Binary expression system – A genetic tool that has two parts for quickly and easily inserting (and then expressing) a specific gene in a specific set of cells. One part of the tool describes where the gene will be expressed, and the other part describes what will be expressed. In flies, the fly lines carrying each part show no phenotype, but when they are mated, the offspring express the gene (the what) in a specific set of cells (specified by the where). For more information, check out this wikipedia article on the GAL4/UAS system, which is the most common binary expression system used in fruit flies.
Chromosome – Chromosomes are pieces of DNA that contains many genes stored in a linear arrangement. Genetic information is passed down through generations via chromosomes, which are inherited. For example, humans have 2 sets of 23 chromosomes (for a total of 46). One set is inherited from the mother and contains the mother’s genes, and the other from the father.
Drosophila melanogaster – the scientific name for the common fruit fly. Also commonly written as D. melanogaster.
Endogenous – This term is often used to describe genes that are originally found in the genome of the organism in question, rather than having been introduced artificially.
Gene expression – In genetics, to “express” a gene means that the instructions for that gene are functional and give rise to a phenotype. Although the DNA for a gene is written in every cell, the gene might only be expressed in a select group of cells. The combination of expressed genes is what differentiates the cells in your body. For example, although brain cells and liver cells have the same genes in them, the brain cells only express the “brain genes” and the liver cells only express the “liver genes”. For more information, check out the wikipedia page on gene expression.
Fly line – Also called a fly stock, this umbrella term refers to a breed of flies with a selected genetic mutation or insertion (or a specific combination of them). Fly researchers often have hundreds or thousands of fly lines in their labs, each one labeled with the type and location of the genetic modifications. (see Figure 1)
Knock-in – A genetic modification in model animals in which a specific gene is inserted into the genome. This technique is often used to create a disease model by inserting a mutated gene from another organism, such as a human disease gene.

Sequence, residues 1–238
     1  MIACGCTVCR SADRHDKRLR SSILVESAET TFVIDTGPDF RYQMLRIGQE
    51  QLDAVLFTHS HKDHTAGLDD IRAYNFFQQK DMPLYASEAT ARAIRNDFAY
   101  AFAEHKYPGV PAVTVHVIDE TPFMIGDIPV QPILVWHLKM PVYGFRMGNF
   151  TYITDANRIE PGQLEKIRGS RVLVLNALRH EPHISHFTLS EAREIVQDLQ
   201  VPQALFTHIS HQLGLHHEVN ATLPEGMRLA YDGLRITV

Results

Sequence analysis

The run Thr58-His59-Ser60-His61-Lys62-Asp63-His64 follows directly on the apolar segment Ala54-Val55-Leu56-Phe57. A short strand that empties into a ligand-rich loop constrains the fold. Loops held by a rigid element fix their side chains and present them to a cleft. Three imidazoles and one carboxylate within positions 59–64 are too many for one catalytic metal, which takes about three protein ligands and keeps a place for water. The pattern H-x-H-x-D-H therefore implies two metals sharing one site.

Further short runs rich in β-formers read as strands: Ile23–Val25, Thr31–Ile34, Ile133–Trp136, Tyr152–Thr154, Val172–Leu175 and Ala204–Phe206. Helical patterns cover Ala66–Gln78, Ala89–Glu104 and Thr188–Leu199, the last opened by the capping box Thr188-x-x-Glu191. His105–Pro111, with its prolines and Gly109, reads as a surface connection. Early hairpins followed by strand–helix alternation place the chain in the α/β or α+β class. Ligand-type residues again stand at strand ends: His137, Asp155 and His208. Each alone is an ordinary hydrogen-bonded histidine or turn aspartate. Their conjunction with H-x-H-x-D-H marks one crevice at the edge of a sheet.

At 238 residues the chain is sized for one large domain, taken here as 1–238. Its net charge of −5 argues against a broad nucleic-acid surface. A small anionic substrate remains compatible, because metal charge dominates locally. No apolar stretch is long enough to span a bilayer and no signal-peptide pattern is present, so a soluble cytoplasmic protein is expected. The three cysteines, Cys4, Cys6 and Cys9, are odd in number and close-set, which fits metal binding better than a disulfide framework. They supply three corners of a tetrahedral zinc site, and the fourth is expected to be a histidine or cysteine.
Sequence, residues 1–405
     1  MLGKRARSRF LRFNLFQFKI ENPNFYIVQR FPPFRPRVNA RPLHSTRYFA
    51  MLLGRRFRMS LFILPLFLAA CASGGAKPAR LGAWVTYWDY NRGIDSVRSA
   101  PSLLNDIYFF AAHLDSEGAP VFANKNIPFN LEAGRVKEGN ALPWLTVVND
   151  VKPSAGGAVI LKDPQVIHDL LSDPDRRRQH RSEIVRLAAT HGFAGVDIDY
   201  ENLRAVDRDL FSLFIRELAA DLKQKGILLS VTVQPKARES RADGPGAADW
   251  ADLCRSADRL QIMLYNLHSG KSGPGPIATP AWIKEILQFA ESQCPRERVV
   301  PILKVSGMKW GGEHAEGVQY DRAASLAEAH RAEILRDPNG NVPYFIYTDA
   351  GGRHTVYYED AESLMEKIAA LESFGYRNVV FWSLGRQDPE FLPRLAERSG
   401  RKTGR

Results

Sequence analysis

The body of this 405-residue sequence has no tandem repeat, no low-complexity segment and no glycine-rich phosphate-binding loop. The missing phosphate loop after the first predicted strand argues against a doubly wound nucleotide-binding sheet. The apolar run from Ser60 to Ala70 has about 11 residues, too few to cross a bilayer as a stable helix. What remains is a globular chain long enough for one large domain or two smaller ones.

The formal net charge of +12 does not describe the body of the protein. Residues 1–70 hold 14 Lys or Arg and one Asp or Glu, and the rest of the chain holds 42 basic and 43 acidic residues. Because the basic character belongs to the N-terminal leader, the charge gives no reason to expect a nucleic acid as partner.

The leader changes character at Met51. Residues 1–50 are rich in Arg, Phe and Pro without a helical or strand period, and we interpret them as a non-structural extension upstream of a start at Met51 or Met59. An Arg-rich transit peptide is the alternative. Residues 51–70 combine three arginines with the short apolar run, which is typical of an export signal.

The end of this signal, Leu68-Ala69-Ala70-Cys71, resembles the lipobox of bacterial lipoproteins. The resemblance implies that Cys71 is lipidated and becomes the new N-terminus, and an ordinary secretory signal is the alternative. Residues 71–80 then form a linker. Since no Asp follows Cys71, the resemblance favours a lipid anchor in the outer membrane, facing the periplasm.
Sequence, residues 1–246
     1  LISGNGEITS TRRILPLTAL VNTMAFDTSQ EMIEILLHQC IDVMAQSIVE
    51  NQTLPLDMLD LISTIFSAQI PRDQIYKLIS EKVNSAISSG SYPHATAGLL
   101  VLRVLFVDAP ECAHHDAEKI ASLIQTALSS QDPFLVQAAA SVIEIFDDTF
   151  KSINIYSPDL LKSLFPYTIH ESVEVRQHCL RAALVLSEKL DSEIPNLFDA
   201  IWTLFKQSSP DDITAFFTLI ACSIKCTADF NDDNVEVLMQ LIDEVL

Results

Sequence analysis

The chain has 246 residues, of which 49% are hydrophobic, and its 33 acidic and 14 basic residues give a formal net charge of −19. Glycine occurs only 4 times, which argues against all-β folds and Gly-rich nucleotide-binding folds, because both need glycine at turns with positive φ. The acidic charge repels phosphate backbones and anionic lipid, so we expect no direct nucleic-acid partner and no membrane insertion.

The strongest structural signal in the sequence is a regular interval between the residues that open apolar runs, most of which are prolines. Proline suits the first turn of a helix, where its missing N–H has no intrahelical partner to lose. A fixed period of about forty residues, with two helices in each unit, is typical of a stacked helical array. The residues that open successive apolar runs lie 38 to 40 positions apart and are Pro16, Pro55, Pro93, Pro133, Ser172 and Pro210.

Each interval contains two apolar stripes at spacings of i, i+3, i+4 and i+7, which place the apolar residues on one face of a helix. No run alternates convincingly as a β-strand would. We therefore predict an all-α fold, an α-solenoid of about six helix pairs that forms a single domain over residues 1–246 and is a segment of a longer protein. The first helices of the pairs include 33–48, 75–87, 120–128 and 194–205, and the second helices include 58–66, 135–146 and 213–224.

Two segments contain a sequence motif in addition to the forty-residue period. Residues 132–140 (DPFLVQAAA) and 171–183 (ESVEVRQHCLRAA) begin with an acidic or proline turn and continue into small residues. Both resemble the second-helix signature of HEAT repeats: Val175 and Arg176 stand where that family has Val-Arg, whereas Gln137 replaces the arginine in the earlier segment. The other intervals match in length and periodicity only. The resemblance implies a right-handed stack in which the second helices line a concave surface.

Knock-out – A genetic modification in model animals in which a specific gene is permanently disrupted or inactivated. This technique is often used to determine the gene’s function by observing which physiological processes or behaviors are affected when the gene fails.
Phenotype – Observable characteristics that arise from an organism’s genetic instructions. This term can be used to describe physical characteristics (such as hair color), functional characteristics (such as how a cell responds to stimuli), or behavioral characteristics (such as how an animal acts).
Protein – Proteins are large molecules that do most of the work inside your cells. Proteins are built from their corresponding gene’s instructions, and they drive cellular processes by interacting with each other. For example, the PINK1 protein is created from the PINK1 gene, which is implicated in Parkinson’s disease. PINK1 latches onto the surface of mitochondria to test whether or not they have been damaged. If it detects damage, it interacts with another protein called Parkin. This interaction triggers a series of events that break down the damaged mitochondria. A series of protein interactions such as this is called a “signaling cascade”.
Receptor – In biology, a receptor is a protein attached to the surface of cells. It responds to specific environmental stimuli (such as temperature, a specific chemical, or even foreign agents such as invading bacteria) and triggers an appropriate reaction inside the cell. For example, a steep rise in external temperature may trigger the cells to start shedding heat, while a receptor that recognizes an invader will trigger an immune response.
Screen – A genetic screen is a technique used to identify the gene responsible for a specific trait. There are a couple of types of screens, but the most common involves using a mutagen to induce random mutations in a population and then searching through offspring for abnormalities in the trait of interest. For example, if researchers wanted to find the “red eye” gene, they would search for offspring with white eyes, and then attempt to locate the abnormal gene in those individuals’ genome.